Biological Psychiatry 1992;32:976-991
Leo Hermie, Matthias Filnfgeld, Godehard Oepen, Hanno Botsch, Dieter Borchardt, Euphrosyne Gouzoulis, Rose A. Fehrenbach, and Manfred Spitzer
The psychological, neuropsychological, and neurometabolic effects of the hallucinogenic agent mescaline were investigated in 12 normal men who were volunteers. Mescaline produced an acute psychotic state 3 ½ - 4 hr after drug intake, as measured by the Brief Psychiatric Rating Scale (BPRS) and Paranoid Depression Scale (PDS). The Assessment of Altered States of Consciousness (APZ) questionnaire revealed specific effects of mescaline in the visual system. Neuropsychological effects were studied with a facelnonface decision task with known right-hemisphere advantage, in which mescaline induced a decrease of functioning of the right hemisphere. In functional brain imaging using single photon emission computed tomography (SPECT), mescaline produced a "hyperfrontal" pattern with an emphasis 011 the right hemisphere, which was correlated with mescalineinduced psychotic psychopathology. Our findings question the validity of the concept of hypofrontality as an explanation for schizophrenic symptomatology. The study of psychoactive substances under controlled laboratory conditions has the methodological advantage of intraindividual control, and hence, minimal variability of data.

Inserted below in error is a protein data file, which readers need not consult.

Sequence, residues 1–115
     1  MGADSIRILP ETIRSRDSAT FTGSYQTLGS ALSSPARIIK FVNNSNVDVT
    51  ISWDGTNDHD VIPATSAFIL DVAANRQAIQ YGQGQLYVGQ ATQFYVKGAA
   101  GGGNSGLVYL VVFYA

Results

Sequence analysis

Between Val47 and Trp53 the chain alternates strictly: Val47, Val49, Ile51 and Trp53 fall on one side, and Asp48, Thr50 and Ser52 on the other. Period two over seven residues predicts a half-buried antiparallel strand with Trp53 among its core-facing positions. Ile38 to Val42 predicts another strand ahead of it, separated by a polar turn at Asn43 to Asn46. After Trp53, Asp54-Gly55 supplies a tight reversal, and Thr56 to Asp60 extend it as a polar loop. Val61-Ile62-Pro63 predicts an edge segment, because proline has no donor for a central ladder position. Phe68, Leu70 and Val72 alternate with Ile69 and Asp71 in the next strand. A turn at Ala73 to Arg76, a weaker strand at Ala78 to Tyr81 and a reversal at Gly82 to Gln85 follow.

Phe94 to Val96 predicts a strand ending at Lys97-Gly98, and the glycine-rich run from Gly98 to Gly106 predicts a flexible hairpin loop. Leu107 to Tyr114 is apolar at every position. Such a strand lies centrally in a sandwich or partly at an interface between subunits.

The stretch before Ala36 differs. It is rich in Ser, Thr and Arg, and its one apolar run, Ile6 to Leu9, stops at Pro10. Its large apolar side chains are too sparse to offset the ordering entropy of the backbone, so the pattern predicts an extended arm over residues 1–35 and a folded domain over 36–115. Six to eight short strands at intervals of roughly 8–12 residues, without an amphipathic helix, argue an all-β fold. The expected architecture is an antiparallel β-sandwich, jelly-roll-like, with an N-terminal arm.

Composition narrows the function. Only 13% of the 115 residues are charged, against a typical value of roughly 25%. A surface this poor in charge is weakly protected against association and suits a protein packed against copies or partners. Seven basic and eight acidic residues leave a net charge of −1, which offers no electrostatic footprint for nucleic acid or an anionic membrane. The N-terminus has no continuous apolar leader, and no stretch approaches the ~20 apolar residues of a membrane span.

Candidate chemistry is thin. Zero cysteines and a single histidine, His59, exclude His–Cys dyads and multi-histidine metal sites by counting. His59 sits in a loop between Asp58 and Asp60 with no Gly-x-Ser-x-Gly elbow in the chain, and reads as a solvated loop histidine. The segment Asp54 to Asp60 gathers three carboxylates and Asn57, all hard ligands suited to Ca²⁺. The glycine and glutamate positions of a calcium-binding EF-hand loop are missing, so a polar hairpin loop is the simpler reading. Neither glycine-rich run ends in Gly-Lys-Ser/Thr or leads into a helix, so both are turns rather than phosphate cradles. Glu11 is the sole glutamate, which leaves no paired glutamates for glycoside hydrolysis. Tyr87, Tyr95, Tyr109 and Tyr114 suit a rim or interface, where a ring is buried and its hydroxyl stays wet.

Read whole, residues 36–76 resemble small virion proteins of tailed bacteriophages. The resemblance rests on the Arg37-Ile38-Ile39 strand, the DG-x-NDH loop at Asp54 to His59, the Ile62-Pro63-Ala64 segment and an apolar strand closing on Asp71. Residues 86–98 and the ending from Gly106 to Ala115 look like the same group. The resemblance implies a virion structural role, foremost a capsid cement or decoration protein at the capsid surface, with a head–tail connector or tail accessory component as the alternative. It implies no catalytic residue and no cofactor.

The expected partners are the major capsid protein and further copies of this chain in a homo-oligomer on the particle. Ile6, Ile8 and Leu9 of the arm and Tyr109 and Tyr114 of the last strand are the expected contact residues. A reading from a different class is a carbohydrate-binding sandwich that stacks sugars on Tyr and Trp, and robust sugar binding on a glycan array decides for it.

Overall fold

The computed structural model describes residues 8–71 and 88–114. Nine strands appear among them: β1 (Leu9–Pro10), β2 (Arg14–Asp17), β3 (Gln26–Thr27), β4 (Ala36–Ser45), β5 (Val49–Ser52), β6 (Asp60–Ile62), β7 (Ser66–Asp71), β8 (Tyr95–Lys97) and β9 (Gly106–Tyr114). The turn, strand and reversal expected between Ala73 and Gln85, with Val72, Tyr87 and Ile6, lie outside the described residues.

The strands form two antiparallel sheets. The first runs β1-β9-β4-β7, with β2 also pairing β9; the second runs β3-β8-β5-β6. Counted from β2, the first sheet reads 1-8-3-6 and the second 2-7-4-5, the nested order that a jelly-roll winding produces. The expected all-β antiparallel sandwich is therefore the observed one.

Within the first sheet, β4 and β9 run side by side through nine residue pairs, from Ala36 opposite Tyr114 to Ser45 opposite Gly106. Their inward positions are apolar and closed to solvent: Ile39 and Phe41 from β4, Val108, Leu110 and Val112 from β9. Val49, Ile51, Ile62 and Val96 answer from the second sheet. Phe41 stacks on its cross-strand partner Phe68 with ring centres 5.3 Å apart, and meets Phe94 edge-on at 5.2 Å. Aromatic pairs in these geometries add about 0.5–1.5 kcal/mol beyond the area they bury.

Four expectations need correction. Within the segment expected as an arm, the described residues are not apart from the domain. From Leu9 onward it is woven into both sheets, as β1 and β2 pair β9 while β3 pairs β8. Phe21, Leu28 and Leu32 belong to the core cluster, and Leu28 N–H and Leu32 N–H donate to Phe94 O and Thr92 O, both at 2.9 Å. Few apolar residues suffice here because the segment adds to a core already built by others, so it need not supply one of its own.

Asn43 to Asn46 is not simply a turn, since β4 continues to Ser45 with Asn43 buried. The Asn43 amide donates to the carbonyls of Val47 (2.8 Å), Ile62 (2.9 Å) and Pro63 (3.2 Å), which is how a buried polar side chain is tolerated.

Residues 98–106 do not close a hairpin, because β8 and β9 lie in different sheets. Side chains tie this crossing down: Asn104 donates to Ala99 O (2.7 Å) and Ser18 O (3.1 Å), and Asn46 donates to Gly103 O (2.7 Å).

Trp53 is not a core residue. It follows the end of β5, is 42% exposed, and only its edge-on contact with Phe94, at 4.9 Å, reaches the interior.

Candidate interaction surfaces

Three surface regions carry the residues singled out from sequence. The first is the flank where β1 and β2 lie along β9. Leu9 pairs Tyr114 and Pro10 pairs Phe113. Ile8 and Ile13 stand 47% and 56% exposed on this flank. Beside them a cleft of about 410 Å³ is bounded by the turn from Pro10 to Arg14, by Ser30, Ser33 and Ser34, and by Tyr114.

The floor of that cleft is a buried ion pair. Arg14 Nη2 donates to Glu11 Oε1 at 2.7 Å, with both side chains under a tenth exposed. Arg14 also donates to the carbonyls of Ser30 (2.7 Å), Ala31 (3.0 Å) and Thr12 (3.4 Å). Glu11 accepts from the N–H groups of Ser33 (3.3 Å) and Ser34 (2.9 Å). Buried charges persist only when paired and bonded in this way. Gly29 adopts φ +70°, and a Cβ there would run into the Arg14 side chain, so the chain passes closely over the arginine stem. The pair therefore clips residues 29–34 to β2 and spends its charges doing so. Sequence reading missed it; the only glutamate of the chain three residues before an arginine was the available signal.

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Mescaline-Induced Psychopathological and Neuropsychological Effects in Normal Subjects
Experimental Psychosis as a Tool for Psychiatric Research